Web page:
While there are libraries for handling encoder inputs to the controller, it was more fun to write the code from scratch. The encoder outputs are polled regularly so to prevent any lag or errors. Sometimes the encoder can be turned faster than the microcontroller can detect. The controller will try to detect when this happens, and will go into a high-speed rotation mode where it assumes that the encoder is not changing direction and will perform multiple steps at once. This results in a typically lag- and error-free use.
I am hesitantly sharing the cases we designed for the Mikro-Chronograph since they were built to barely accomodate the component layout we came up with. If anybody else builds one, the layout may be different and the cases may not work. If you are inclined to replicate our models, feel free to use the case designs on Thingiverse! If you 3D print a case, make sure and use PETG (or ABS) as PLA has a habit of deforming in direct sunlight. The springs for your AA batteries will definitely push the case apart in summer heat.
- Eliminate the optoisolator
- Battery level monitor with voltage display, warning, and automatic shut-down
- Various code improvements allowing easier text string modification
- User setting for the default session operating information display (currently displays the cycling display by default)
- Custom function for operating a camera with the mirror lockup enabled
Thanks for reading!
6 thoughts on “MIKRO-CHRONOGRAPH (ATTiny85 Camera Intervalometer) #DIY”
There are a few cameras (specifically, my X-Pro1) out there without electronic cable releases or built in intervalometers. Is there enough code space to add PWM output from the ATTiny to drive a servo that actuates a mechanical release? The Polulu step up regulator should be able to power a small servo.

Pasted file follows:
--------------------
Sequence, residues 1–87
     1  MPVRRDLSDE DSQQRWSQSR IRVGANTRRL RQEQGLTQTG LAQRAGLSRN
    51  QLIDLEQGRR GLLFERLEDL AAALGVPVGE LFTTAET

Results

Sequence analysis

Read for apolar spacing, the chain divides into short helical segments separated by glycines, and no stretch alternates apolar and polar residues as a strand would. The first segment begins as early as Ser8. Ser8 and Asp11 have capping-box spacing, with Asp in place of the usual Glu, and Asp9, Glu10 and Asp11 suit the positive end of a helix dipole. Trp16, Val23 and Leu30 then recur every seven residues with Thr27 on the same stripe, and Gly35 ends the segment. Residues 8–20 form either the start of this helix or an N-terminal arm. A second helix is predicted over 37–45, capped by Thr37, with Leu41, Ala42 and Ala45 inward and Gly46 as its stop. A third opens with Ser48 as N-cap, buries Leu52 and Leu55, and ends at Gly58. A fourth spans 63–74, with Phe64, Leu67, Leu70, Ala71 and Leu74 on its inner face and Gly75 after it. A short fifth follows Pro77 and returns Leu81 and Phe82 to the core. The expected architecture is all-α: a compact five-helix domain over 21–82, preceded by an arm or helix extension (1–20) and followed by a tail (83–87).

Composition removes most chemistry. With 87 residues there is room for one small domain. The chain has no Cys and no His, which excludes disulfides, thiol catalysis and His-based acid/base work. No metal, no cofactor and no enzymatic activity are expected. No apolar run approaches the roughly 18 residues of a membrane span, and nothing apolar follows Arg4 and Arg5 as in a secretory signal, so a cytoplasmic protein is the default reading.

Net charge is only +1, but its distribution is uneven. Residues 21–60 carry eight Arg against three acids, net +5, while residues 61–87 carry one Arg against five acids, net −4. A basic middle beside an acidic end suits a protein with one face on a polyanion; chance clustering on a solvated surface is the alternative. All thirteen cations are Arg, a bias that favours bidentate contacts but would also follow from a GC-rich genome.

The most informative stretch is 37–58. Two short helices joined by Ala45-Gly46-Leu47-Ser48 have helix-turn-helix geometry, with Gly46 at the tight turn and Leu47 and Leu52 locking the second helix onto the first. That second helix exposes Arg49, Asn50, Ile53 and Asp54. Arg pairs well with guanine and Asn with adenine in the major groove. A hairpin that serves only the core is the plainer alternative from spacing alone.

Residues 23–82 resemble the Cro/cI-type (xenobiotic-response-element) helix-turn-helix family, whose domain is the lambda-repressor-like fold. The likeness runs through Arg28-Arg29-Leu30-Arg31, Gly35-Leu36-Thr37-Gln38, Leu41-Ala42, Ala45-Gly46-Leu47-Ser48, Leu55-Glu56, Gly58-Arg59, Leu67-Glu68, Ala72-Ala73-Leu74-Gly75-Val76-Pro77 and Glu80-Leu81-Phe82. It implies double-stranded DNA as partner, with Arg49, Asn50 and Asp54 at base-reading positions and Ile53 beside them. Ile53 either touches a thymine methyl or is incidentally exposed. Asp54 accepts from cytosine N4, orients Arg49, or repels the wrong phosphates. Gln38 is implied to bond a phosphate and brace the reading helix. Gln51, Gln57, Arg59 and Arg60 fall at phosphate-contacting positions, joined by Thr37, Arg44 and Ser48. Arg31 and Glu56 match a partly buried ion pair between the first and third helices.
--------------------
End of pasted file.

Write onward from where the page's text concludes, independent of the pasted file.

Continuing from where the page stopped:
That is a really good idea. I hadn’t thought about driving a servo, but it could definitely be implemented.
What I would suggest is to have an option hard-coded in the firmware for built-in release VS servo release. That’s because I am fearful of applying 5V to a built-in release, which is pulled up to about 3V. I don’t know but 5V may damage the camera.
I just realized that the firmware isn’t available online, let me put it on GitHub. It shouldn’t be hard to change the output, just change the Pinmode to Ouptut, and ShutterOpen and ShutterClosed functions to a PWM output.
I see from your Thingiverse profile that you’re in Calgary as well. I’m in Triwood (Northmount Dr. and 19th NW). I was thinking a second module that is driven off the output of your release would work well. If it just clamped around the top of a cable release and had its own power it wouldn’t clutter up the top of the camera.
You live hilariously close to my office (in Hungtington). I live out of town (Linden) but am in the office every weekday.
I’ve been waiting for a good excuse to try mill a PCB board. Do you want a board? If you have a method of programming an ATTiny85 (I recommend this: https://solarbotics.com/product/50845/) then you could take the board and play with the firmware yourself. If no then we could work together to update the firmware. A 9g servo would probably work perfect for actuating the shutter!
I’ll definitely take a board, that would be great. I’ve got a USBTinyISP that will program the ATTiny, and a programming jig with a DIP8 socket. I’ve got some 9g servos and a few nano sized ones as well. What do you think about a servo based linear actuator (https://www.thingiverse.com/thing:2803149)?
I’ll try get to that this weekend. About that linear actuator, I’m hesitant about the 3D-printed rack and pinion. It introduces complexity and friction. If the servo has a lever to press the shutter, that would be simple and robust. Just my two cents!
Could you email me a photo of your programming jig? email@example.com. I’ve wanted one for a while now.
Edit: I just looked at the X-Pro1. It has a threaded shutter button. I think it should be easy to use a servo to actuate it…